Federal Real Property:

Improved Standards Needed to Ensure That Agencies' Reported Cost Savings Are Reliable and Transparent

GAO-14-12: Published: Oct 29, 2013. Publicly Released: Dec 2, 2013.

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David J. Wise
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What GAO Found

Agencies reported real property cost savings of $3.8 billion in response to the June 2010 presidential memorandum from disposal, space management, sustainability, and innovation activities. Space management savings, defined by the Office of Management and Budget (OMB) as those savings resulting from, among other things, consolidations or the elimination of lease arrangements that were not cost effective, accounted for the largest portion of savings reported by all agencies, and for about 70 percent of the savings reported by the six agencies GAO reviewed--the General Services Administration (GSA) and the Departments of Agriculture (USDA), Energy (DOE), Homeland Security (DHS), Justice (DOJ), and State (State). The requirements of the memorandum, as well as agencies' individual savings targets and the time frame for reporting savings, led the selected agencies to primarily report savings from activities that were planned or under way at the time the memorandum was issued.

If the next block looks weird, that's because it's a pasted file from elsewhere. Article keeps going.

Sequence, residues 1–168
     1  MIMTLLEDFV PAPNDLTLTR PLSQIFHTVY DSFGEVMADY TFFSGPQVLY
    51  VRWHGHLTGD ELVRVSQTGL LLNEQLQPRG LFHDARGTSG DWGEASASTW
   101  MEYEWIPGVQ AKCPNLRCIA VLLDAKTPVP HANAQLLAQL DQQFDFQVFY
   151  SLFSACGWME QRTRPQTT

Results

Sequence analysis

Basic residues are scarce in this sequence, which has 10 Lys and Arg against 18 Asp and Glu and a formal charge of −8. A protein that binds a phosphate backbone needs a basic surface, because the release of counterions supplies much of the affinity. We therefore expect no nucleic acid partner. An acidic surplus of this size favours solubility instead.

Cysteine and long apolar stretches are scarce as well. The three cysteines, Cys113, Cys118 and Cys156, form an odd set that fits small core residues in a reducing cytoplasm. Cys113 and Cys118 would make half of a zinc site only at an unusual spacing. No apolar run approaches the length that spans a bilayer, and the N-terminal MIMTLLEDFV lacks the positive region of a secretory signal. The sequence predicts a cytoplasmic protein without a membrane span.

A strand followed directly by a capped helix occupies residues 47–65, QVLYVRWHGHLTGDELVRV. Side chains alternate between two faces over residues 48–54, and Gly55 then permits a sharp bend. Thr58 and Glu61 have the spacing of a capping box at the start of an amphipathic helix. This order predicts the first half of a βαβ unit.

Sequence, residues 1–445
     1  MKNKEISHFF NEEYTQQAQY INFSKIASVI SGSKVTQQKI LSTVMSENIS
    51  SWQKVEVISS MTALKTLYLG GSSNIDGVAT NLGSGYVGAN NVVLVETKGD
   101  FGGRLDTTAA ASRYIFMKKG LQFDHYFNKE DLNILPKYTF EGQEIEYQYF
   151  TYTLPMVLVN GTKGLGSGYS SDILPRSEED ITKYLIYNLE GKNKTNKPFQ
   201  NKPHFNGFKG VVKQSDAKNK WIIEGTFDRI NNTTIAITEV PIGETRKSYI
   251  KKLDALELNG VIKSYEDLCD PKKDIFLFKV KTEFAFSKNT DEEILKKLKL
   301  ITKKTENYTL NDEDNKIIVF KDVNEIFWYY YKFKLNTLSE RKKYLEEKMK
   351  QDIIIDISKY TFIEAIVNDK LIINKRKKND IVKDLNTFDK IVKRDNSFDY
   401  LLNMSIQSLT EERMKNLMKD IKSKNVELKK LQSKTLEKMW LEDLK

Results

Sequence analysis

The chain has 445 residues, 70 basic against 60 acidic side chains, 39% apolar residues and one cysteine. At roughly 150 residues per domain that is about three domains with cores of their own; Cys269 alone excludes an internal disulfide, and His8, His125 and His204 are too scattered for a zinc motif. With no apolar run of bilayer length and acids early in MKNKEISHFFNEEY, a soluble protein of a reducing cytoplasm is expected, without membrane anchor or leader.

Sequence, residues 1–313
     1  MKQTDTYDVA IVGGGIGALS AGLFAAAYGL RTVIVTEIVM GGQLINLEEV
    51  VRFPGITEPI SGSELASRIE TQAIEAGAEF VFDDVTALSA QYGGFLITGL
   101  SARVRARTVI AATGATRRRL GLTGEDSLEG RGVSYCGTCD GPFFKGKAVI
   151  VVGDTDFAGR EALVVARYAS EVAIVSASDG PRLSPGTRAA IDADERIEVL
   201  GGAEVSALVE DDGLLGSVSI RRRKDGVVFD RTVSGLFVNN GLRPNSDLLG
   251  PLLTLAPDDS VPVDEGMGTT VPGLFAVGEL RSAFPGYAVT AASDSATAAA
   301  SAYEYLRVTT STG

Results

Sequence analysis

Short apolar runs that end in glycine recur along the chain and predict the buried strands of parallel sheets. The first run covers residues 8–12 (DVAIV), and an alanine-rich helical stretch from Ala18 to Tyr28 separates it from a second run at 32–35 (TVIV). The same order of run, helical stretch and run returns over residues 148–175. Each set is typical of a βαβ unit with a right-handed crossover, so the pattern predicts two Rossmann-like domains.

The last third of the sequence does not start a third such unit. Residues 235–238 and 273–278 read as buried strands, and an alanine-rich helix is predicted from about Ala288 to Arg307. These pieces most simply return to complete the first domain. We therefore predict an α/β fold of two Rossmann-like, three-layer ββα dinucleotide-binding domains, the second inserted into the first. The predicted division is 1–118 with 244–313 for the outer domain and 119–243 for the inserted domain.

GAO's review of the six selected agencies identified several problems that affect the reliability and transparency of the reporting of cost savings in response to the June 2010 memorandum. In particular, the memorandum and subsequent guidance issued by OMB were not clear on the types of savings that could be reported, particularly because the term "cost savings" was not clearly defined. For example, officials from several agencies GAO reviewed said the guidance was unclear about whether savings from cost avoidance measures could be reported. In addition, the agencies interpreted the guidance differently and, in some cases, did not follow the guidance, practices that led to inconsistent reporting, for example:

  • Agencies made different assumptions in reporting disposal savings: Two agencies reported one year of avoided operations and maintenance savings for the year in which the disposal occurred, while three agencies reported up to 3 years of savings depending on when disposals occurred during the 3-year period.
  • Some agencies did not deduct costs associated with their disposals: State and DHS did not deduct the costs associated with their reported disposal savings. DOE deducted costs for some of its reported disposals savings, but did not deduct costs for disposals carried out by its Office of Environmental Management.
  • Some agencies reported savings outside the time frame of the memorandum: GSA reported savings from a property exchange, but retained ownership of the site in 2013, after the deadline, fiscal 2012's end. USDA reported savings from office closures that occurred in fiscal year 2013.